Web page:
Building against floods

At the Conference of Environment Ministers in October 2014, over eighty flood protection measures were identified and adopted in the National Flood Protection Programme. Rädlinger Bauunternehmen in Cham and the Rädlinger civil engineering team were commissioned with several projects to implement controlled flood retention or dike relocation.

Concrete wall and earthwork protect Cham against Regen flooding

700m of flood protection is currently being erected in the middle of Cham. The civil engineering and construction teams are jointly erecting a 580m concrete wall and a 120m earthwork, which will safeguard the Floßhafen and Brunnendorf areas against floodwaters in the future. However, before they could really get cracking, the bomb disposal team had to be called in, because, at the end of the war, parts of the Regen were filled up with rubble and whatever was left over from the war. After this had been done, the flood protection wall works could begin: the minimum 7m-deep bored piles had to be installed. These serve the purpose of providing a stable foundation to the flood protection wall made of 460m³ of concrete. The structures to be installed also required the expertise of Rädlinger employees. In addition to the protection wall, a pumping station was constructed within approx. 1,000 running metres of the boring poles on the landside of the dike. However, a watertight sheet-pile wall construction had to be rammed into the ground beforehand to retain the water. This was also the case for the three slide valve shafts and the drainage pumping station with outlet structure, for which gravel was temporarily heaped into the Regen. Upon completion, a staircase-shaped waterside promenade with green terraces, cycle paths and pavements will be set up along the approx. 2m-tall wall, which will ensure that only a small part of the wall (approx. 40cm) will be able to be seen from the landside.

Flood protection with added value in Reinhausen on the Danube

For Federal Minister Ulrike Scharf, the Reinhausen flood protection section in Regensburg combines beauty with utility. The measures included the establishment of a flood protection wall and the redesigning of the banks of the river and the waterside promenade along the Obere and Untere Regenstraße (Upper and Lower Regenstraße). The latter was completed by Rädlinger Bauunternehmen: for the purposes of redesigning the road area, 4,700m³ of earth was removed, 1,800m of edging and gutters were demolished and 1,800m³ of pipeline construction trenches were constructed. The team also set up an inland drainage system on-site by means of pipes and a pump well. In order to increase the attractiveness of the waterside promenade, bordering areas were designed as so-called “balconies and boardwalks”. Rädlinger completed the road construction works and the adaptation of the access roads, the asphalting and the pavement laying. By redesigning the bank and promenade, there is now not only necessary infrastructure, but also added value for the residents with bathing bays, seating areas and new cycle paths and pavements.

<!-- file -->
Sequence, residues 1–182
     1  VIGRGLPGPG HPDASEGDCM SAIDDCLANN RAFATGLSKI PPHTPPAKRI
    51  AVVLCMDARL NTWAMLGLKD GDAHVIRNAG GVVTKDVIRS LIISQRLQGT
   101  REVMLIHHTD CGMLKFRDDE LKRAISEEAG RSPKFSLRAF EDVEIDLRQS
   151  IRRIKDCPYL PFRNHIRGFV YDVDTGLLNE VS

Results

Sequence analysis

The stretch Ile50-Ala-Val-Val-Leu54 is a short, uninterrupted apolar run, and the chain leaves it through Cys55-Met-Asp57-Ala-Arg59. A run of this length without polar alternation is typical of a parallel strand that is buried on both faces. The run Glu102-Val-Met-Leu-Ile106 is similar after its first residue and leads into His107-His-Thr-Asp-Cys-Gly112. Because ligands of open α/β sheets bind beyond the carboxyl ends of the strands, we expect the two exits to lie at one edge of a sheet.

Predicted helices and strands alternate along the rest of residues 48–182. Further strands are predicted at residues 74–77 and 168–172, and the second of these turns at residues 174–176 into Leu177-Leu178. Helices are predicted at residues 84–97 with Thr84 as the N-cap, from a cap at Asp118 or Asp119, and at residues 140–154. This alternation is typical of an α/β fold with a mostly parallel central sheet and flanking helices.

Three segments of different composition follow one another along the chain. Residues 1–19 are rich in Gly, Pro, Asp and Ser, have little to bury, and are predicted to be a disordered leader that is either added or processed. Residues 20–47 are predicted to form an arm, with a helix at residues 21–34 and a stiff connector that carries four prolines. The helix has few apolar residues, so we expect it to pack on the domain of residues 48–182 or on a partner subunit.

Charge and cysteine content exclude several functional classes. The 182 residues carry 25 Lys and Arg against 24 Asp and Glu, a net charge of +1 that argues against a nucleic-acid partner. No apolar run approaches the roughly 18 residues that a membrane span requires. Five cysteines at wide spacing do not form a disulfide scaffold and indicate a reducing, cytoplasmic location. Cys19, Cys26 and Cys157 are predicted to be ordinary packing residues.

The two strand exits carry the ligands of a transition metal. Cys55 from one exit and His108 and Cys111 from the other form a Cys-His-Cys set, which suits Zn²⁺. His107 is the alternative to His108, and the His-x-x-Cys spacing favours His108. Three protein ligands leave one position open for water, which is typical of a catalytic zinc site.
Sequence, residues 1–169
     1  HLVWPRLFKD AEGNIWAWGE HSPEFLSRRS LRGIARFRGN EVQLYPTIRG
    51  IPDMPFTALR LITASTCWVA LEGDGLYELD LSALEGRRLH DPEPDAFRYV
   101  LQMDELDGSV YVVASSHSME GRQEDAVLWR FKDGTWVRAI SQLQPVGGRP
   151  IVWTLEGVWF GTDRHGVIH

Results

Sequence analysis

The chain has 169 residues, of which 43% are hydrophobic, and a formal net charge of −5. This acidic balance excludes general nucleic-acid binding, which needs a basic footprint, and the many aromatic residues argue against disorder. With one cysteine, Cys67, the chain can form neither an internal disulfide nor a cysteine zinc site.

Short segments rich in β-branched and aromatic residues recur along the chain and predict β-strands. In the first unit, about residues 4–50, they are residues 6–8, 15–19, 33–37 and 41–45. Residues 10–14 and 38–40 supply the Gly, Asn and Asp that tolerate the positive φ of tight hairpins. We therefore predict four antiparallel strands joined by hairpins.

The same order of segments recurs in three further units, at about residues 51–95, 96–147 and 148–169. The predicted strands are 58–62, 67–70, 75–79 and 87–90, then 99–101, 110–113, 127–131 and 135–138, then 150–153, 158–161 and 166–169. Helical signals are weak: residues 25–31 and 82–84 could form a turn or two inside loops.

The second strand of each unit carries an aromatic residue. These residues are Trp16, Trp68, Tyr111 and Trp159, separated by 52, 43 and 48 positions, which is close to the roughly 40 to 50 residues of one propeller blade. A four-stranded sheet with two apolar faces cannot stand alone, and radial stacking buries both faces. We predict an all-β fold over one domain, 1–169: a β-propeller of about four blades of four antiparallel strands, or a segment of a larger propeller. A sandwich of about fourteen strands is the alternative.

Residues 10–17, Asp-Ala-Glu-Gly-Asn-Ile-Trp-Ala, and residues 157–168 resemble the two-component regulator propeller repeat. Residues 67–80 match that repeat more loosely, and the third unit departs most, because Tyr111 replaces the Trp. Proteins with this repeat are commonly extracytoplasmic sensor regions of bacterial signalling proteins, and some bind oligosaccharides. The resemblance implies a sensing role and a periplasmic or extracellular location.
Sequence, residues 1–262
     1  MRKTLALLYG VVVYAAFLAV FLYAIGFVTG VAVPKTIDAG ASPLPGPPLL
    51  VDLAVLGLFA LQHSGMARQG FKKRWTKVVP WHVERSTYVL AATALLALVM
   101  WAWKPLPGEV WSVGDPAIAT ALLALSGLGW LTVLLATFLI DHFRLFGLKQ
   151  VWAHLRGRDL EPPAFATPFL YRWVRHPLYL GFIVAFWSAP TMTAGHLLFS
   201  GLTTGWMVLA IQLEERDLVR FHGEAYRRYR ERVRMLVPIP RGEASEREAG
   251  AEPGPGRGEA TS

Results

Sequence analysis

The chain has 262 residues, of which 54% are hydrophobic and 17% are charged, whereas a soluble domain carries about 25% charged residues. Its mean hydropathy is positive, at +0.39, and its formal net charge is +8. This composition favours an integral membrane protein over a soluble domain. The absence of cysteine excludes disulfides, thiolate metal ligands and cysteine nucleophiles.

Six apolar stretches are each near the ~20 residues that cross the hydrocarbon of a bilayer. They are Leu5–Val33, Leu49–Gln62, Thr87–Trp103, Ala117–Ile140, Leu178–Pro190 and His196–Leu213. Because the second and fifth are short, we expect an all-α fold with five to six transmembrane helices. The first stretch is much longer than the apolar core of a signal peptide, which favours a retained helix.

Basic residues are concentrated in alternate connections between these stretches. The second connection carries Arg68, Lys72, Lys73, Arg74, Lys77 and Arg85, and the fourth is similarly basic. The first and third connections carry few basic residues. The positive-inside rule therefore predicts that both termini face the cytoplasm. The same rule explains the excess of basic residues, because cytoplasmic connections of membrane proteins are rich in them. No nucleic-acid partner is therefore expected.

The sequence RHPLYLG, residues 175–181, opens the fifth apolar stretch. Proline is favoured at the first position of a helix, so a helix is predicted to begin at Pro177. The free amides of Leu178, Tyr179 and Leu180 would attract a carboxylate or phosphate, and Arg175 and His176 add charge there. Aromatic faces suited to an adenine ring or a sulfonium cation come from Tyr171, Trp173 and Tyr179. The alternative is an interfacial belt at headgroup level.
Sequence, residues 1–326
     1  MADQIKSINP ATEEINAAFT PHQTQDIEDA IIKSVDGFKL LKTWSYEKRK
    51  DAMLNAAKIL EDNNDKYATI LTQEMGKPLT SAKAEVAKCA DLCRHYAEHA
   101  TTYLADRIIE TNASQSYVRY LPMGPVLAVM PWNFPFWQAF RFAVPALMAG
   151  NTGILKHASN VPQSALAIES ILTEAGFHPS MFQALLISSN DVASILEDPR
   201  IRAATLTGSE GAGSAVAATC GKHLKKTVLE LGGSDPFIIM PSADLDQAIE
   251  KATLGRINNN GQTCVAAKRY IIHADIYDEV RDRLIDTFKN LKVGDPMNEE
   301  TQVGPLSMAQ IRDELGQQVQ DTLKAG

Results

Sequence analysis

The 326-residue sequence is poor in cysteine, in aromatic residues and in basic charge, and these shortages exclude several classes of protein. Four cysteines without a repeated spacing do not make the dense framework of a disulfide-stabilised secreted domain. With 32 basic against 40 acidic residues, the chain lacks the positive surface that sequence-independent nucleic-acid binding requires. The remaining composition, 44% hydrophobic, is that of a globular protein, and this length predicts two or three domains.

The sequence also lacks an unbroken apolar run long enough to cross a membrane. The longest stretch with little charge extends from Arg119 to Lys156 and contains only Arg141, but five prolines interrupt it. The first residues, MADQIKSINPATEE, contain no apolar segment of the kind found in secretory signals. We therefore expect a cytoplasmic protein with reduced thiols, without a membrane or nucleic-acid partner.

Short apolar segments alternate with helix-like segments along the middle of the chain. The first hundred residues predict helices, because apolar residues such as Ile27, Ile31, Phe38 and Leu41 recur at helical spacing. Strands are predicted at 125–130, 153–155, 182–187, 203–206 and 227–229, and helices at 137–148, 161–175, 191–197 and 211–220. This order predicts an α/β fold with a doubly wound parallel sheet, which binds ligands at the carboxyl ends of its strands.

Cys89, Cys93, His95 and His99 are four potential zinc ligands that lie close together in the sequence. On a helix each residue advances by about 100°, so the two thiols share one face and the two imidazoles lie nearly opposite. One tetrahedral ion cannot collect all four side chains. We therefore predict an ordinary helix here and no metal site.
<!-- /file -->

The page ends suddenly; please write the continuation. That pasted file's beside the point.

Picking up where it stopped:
Flood protection wall on the Perlbach in Windorf

In Windorf, the civil engineering division erected up to 4m-tall flood protection walls made of reinforced concrete on both sides of the Perlbach; these will protect the inhabited areas against flooding together with mobile stop log systems. The stability of the walls is ensured by bored piles with lengths of approx. 550 running meters. It was also necessary to improve approx. 2,500m³ of soil with hydraulic binding agents. To protect against flooding, the stream was also near-naturally extended to a length of 400m and its banks were modelled accordingly. Despite delays due to considerable explosive ordnance residues and flooding of the construction site, the civil engineering employees were able to complete the measure on-time.

Dike relocation on the Danube near Mariaposching

After a record number of floods in 2013, there were many discussions about the lack of water retention areas. Rädlinger Bauunternehmen from Cham are currently working on the relocation of a dike in Mariaposching on the river Danube. This will create soft and hardwood floodplains, which provide approx. 500,000m³ of additional retention volume. The new earth-formed dike has a length of 1,123m, provides greater structural stability and will thus protect the Sulzbach polder against a 100-year flood event in the future. Rhein-Main-Donau AG are opting for a hybrid dike structure made of gravel and the slightly improved material already available at the construction site for the first time. From roughly 80,000m³ of soil ablation, approx. 50,000m³ of this material can be reused. To ensure that the subsurface was settled in a controlled manner, an idle time of at least 35 days between two successive fills had to be complied with. Using the layered material with extremely different compositions from the old dike was particularly demanding. Since the material had to be directly installed in different zones of the future dike depending on quality in the course of the relocation and without temporary storage, a pre-emptive approach was required in order to maintain continuous construction progress and furthermore to be able to manage the ever-present risk of a flood or rising groundwater.

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